The essence of hope: the dangers of Covid19 optimism.


Hope is not optimism,

which expects things

to turn out well,

but something rooted

in the conviction

that there is good

worth working for.


– Seamus Heaney


Hope is one of these intangible commodities. If we lack or lose it we diminish our abilities both individually and collectively to achieve and to continue. It is an emotion which has been very present in a lot of the conversations and exchanges which I have had this week.

Hope was there when with others I attended the NHS Mobilisation meeting chaired by the Cabinet Secretary. It was a hope that through deliberate and focussed action we could begin to restore NHS and social care services to where they had previously been, learning lessons from the pandemic response and ensuring that we are as prepared as possible for the coming winter. It is a hope not based on day-dreaming but solid hard work which through a cautious ending of lockdown and opening up of society means that we will meet the current and future challenges of Covid19 with as much preparedness as possible.

Hope was there when I spoke to a manager who had to deal with the family of a co-worker who had died as a result of Covid19. It was there when I spoke to the family themselves. It was a hope that tomorrow would be better, that they would slowly be able to put back together the shattered pieces of their lives and find a new way of living without the strong presence of their loved one. It was a hope which they desperately needed to pull them through into their future  because right now they are drowning in the emptiness of loss and the pain of grieving.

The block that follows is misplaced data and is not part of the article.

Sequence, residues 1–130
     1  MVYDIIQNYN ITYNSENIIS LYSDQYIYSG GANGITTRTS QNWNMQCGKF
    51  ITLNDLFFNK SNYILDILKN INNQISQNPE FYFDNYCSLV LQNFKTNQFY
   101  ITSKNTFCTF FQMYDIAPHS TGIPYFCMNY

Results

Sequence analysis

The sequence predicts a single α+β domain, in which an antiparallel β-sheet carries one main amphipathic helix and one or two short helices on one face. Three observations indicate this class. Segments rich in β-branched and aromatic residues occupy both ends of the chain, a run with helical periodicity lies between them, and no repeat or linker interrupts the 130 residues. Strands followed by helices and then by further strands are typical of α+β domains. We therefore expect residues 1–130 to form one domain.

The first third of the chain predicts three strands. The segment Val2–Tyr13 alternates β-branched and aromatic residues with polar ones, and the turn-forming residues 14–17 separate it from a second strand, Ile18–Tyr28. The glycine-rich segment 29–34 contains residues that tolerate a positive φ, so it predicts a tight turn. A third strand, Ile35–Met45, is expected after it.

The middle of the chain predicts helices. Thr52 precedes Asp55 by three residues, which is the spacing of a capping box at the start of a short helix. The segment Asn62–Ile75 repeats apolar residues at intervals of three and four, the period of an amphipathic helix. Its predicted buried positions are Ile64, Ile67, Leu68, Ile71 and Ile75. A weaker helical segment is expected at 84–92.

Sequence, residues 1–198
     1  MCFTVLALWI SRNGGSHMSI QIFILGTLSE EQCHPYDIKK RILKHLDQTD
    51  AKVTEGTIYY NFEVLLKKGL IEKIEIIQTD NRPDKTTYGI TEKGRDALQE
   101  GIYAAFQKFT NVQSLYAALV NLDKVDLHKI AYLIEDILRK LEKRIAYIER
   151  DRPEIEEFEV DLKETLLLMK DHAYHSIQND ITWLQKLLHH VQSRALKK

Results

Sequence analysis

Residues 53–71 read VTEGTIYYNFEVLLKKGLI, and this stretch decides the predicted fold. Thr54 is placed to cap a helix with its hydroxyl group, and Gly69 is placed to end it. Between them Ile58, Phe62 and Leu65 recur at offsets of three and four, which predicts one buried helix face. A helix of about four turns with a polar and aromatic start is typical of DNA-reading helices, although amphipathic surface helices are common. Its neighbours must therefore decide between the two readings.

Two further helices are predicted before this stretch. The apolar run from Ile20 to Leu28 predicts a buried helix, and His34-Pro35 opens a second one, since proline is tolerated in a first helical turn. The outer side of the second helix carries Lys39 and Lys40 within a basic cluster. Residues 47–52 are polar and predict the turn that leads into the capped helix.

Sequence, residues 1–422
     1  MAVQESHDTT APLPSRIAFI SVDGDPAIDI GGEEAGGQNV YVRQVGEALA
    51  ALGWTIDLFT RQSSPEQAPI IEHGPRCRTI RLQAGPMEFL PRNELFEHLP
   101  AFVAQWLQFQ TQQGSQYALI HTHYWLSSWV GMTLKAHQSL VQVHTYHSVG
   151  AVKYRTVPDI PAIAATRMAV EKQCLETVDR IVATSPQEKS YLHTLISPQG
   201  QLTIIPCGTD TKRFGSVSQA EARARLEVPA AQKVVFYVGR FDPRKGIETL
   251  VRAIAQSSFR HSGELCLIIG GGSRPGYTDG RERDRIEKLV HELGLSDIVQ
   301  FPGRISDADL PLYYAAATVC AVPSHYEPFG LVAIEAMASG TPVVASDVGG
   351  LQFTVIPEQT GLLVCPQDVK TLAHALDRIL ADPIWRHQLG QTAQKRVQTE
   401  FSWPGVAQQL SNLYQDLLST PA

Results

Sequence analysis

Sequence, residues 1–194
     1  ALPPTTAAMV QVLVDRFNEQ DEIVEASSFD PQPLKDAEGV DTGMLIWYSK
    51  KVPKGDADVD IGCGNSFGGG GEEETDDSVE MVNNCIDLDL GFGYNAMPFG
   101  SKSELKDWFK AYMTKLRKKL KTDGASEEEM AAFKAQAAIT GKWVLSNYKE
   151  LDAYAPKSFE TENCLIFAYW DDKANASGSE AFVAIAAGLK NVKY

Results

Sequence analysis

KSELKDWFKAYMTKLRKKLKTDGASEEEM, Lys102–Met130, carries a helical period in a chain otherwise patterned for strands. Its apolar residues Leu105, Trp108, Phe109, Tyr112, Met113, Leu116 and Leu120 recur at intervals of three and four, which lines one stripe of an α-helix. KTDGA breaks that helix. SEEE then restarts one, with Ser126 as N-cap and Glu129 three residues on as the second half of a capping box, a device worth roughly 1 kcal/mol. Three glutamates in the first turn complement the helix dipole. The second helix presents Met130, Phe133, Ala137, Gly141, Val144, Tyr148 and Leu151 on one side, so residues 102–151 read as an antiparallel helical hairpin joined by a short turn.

Hope was there when I read a beautiful pain full letter from a mother unable to hug and hold her adult daughter because she lives in a residential home and is subject to the current restrictions on visiting, including the wearing of PPE and social distancing. The mother’s poignancy was the hope that the time would come soon when they could be properly together as once they had been in an intimacy of touch and belonging.

Hope was there when with so many others I was moved by the hundreds of stories which flooded Twitter and Facebook on Wednesday during Care Home Day as folks took time to share stories of amazing compassion and care; as they reminded us all that care homes are places of life and vibrancy, places where individuals are enabled to life to their fullest and when the time comes to end their days surrounded by dignity and solace. There was a real sense on Wednesday of a hope that sometime soon we will return to something like normal and that sounds of laughter and song, of banter and memory will fill the silence that has enveloped so many care homes. But in doing so without forgetting the pain and sadness of the last few months and with a desire to hold in fragile memory those who have been lost.